Wednesday, November 15, 2023

Paul Vecchiali’s The Strangler

If the French police departments’ records had been computerized in the early 1970s, they might have caught on to Emile much sooner. As a child, he witnessed a strangulation using his own knit scarf. As an adult, he commits similar murders with identical scarves. Each woman he kills is a depressed and lonely, so he truly believes he is doing them a favor, as he explains to Inspector Simon Dangret, each time he calls him. He might be right, because everyone is basically lonely and neurotic in Paul Vecchiali’s freshly restored The Strangler, which opens today at Anthology Film Archives.

Obviously, what young Emile witnessed had a traumatic impact on his emotional development, but Vecchiali implies he was a slightly weird kid even before. He is keenly observant, singling out potential victims who are on the brink of suicide anyway, so Emile just relieves them of the burden of such a heavy responsibility. After a bad breakup, Anna Carre assumes she could be next, so she approaches Dangret, suggesting herself as bait.

Dangret is a police inspector masquerading as a journalist, who takes to the airwaves, offering to give the killer a fair hearing. Soon, Emile starts calling Dangret and even agrees to meetings with the presumed journalist, under conditions he tightly controls. Meanwhile, Carre will not take no for an answer, so Dangret agrees to an unlikely sexual relationship instead.

It is easy to see how the under-screened
Strangler might have influenced a whole lot of more famous serial killer movies. The press materials refer to it as a French “Giallo,” which might be overstating matters, but it is easy to believe it could have been a source of inspiration, particularly in the way all three main characters eventually develop relationships with each other, which are symbiotic and voyeuristic.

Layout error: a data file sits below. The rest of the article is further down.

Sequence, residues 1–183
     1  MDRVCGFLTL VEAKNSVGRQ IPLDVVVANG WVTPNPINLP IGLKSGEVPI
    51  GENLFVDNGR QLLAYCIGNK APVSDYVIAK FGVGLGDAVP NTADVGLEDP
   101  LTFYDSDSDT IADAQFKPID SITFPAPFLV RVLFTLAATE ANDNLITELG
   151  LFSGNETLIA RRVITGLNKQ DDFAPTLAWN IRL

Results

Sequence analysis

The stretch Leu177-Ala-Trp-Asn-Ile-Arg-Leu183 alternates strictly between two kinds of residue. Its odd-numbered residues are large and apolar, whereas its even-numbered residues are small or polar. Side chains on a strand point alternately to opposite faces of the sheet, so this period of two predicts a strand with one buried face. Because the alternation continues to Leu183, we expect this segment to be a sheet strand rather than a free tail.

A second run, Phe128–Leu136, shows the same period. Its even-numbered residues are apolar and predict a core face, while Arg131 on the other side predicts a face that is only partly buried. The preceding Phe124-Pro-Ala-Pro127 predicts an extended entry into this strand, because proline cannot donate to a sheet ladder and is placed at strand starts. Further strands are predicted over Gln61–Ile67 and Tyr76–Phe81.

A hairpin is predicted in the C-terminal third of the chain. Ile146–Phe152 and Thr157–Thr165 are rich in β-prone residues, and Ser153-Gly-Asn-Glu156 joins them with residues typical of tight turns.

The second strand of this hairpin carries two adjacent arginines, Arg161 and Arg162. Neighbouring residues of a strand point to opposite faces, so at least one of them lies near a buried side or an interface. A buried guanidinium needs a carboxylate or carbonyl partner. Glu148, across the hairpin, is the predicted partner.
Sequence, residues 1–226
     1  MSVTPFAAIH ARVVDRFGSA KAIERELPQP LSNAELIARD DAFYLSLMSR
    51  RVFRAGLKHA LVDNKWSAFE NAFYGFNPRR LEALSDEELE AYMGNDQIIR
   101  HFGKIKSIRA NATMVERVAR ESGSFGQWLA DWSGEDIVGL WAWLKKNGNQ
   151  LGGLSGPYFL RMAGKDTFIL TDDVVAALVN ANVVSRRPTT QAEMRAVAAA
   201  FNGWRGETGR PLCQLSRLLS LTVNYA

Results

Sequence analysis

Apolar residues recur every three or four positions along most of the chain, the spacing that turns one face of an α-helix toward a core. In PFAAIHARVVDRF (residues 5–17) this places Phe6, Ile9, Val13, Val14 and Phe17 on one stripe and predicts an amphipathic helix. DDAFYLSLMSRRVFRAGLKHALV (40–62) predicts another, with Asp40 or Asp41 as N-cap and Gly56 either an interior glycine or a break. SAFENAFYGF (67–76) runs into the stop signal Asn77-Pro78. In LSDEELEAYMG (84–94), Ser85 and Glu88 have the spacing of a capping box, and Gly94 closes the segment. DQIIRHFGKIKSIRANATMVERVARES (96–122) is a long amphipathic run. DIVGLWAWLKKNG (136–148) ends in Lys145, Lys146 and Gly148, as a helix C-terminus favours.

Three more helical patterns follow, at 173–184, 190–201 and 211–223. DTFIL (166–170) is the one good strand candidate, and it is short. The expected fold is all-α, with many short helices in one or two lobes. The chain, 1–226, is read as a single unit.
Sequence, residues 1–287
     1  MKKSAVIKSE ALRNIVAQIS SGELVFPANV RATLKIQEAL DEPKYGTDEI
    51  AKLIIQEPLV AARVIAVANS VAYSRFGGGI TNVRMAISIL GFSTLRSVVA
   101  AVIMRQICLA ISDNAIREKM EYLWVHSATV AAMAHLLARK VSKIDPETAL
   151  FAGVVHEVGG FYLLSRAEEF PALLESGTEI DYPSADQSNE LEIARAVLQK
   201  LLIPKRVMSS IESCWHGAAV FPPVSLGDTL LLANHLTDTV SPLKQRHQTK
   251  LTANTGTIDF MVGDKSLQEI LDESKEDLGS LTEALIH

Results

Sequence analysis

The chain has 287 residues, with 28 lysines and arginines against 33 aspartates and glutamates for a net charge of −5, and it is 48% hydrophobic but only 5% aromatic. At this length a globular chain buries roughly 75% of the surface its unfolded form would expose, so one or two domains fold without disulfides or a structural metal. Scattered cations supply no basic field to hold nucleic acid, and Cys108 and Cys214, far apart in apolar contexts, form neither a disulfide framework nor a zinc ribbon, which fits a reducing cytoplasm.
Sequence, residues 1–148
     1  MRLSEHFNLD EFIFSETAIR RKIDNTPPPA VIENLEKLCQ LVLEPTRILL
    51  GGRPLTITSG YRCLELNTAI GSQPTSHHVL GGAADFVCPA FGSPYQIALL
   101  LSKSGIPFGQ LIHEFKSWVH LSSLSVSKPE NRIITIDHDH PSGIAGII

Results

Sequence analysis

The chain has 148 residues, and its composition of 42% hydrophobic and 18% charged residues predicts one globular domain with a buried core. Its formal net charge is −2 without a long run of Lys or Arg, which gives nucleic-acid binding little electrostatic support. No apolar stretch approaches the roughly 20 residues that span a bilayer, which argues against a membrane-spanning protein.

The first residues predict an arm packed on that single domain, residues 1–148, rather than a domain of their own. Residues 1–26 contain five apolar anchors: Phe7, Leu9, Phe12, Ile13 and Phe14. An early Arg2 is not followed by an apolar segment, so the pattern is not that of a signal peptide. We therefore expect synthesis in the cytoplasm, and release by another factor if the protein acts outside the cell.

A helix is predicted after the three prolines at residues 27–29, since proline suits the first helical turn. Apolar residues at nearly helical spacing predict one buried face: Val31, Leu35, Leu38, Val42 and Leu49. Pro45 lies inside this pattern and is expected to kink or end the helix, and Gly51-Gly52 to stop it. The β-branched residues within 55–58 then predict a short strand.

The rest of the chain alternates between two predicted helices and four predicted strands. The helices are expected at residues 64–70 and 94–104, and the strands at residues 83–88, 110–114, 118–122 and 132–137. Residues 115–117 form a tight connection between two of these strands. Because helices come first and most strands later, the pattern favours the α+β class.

Some critics also claim it as under-heralded classic of “queer cinema” as well. If they want to read that into Emile’s anti-social homicidal behavior, that’s their right, but why would they even want to? Regardless, you can watch
The Strangler without feeling Vecchiali is beating them over the head with ‘isms and identity politics.

Clearly, this is not a whodunit, but the central trio’s weird kabuki dance of death makes for a compelling psychological thriller. Craggy Julien Guiomar definitely has a hardboiled Lino Ventura thing going on as Dangret, which is very cool. Jacques Perrin is twitchy and sad as Emile, constantly reminding viewers how broken he is. Eva Simonet (Jacques Perrin’s sister, a thesp-turned-publicist) is flaky, but also dangerous portraying Carre, very much in the tradition of a Godard femme fatale.

The Strangler
would make a great (albeit somewhat disturbing) double feature with Hitchcock’s Frenzy (probably his final true masterpiece). That is definitely high praise, but this is a distinctive work of cinema. You can see pieces of its DNA in subsequent films, yet it is still very much its own thing. Highly recommended for fans of Euro thrillers, The Strangler opens today (11/15) in New York, at Anthology Film Archives.